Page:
New Album Release ‘Stories’ Channels Music of Crosby, Sinatra

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Inconsensus Music announces new album created by three seniors whose songs provide a fresh alternative for those who love the sound of a bygone era.

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“Bob Fanelli is one of the bright lights in and around the Delaware Valley,” the late Jazz Radio Host Dr. Jack Buerkle.

Stories define the fabric of so many songs from the ‘50s, ‘60s and ‘70s made popular by such legendary crooners as Tony Bennett, Bing Crosby and Frank Sinatra. A new album release “Stories” is a fresh look at those “Great American Songbook” themes of love lost, love found and heartache, according to Inconsensus Music.

Original lyrics and soundtrack are sure to delight listeners who love the music from another era, but are yearning for something different.

As a youth, Bob Fanelli, 75, listened to those popular songsters of a bygone era. As an adult, he performed many of their songs with a group of fellow music teachers called “The Teachers,” crossing paths with Ed Sullivan and Bob Hope and performing on the "Tonight Show" and the "Mike Douglas Show." Fanelli and his brother Ed and friend Len Courtney, both 78, have combined years of music experience to release “Stories.”

“Len, my brother Ed and I had a great time developing these tales into 11 new songs. It struck us that there is not a lot of new popular music available to mature audiences of any age. I like to call it retro-pop. We’re three old guys writing music for mature ears as a way to tell a good story.”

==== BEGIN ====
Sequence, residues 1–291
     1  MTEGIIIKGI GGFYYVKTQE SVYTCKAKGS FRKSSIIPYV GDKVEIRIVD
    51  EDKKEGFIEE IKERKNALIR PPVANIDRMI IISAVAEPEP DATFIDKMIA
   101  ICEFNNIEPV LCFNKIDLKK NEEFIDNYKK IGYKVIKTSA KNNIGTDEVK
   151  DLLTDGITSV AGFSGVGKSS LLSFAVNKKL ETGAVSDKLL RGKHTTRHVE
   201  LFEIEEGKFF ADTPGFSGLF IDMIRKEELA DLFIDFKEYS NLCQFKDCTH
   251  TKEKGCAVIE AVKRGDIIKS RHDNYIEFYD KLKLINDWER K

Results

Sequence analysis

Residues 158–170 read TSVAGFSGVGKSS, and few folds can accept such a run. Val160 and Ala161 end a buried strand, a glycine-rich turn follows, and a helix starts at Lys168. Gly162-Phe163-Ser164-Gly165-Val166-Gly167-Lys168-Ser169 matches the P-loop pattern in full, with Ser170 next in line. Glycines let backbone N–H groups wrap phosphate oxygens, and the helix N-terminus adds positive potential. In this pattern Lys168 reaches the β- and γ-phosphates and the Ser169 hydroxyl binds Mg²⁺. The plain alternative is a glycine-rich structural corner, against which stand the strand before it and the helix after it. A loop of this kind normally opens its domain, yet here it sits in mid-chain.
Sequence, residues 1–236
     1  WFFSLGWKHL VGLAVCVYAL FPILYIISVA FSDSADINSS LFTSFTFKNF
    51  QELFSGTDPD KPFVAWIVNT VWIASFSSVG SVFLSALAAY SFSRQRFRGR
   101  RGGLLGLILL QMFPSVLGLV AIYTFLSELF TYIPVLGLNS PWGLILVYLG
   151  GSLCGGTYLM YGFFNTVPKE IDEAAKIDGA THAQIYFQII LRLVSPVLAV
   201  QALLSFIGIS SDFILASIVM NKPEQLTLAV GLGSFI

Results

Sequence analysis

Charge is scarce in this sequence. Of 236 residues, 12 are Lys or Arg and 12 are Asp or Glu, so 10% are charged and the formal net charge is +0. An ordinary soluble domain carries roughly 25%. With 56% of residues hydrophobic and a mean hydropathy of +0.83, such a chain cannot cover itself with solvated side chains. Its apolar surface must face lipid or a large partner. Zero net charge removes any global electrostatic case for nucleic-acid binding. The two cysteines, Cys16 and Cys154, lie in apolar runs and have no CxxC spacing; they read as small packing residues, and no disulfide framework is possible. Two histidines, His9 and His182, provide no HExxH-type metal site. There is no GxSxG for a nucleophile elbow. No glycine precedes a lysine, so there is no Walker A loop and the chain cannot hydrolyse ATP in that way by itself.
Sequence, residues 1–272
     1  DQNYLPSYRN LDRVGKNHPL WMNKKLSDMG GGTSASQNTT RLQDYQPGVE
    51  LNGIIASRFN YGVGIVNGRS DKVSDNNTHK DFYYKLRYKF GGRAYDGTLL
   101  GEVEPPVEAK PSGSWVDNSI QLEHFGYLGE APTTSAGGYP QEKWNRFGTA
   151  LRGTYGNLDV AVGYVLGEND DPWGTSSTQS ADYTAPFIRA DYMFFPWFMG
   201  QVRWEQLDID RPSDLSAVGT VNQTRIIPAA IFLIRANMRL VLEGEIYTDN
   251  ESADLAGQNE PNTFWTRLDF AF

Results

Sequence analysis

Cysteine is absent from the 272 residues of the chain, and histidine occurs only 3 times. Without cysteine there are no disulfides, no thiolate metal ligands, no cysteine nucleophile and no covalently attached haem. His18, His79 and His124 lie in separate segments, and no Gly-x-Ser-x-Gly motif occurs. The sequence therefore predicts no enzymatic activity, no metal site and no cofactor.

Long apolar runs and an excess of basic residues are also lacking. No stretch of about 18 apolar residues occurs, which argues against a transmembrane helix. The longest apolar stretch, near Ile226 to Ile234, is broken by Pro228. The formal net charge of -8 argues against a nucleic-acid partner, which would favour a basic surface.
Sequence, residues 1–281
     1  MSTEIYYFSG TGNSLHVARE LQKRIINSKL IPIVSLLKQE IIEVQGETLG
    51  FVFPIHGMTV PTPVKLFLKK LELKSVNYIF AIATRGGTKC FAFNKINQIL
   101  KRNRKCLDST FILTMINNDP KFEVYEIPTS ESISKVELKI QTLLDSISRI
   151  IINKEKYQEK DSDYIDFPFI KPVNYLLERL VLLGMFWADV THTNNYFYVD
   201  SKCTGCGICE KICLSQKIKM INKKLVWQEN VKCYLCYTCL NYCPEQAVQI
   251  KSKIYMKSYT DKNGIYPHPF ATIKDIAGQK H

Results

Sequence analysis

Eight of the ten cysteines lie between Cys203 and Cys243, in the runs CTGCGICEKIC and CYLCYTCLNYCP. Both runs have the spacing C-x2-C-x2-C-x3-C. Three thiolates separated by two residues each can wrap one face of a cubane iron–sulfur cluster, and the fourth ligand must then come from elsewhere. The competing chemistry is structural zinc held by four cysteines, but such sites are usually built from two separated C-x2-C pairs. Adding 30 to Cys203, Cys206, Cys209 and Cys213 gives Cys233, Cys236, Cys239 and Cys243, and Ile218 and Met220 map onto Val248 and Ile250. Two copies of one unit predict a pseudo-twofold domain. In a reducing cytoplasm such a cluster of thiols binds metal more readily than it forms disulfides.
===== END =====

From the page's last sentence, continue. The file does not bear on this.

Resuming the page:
Fanelli, who is lead vocalist on the new release, said that music has been a constant throughout his life. “Music – all kinds – has always been a major part of my life. It’s provided me many wonderful experiences with a lot of great and talented people. I’m really getting into it now.”

The album, along with three other releases by Fanelli, is available at CDBaby and through the website. “Because of the long-standing popularity of songs from 40 to 50 years ago, older adults as well as baby boomers will find something familiar and appealing in this music,” Fanelli said.

Fanelli said he will continue making music for as long as he can: “At least until I’m 95!”

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Georgene Lahm
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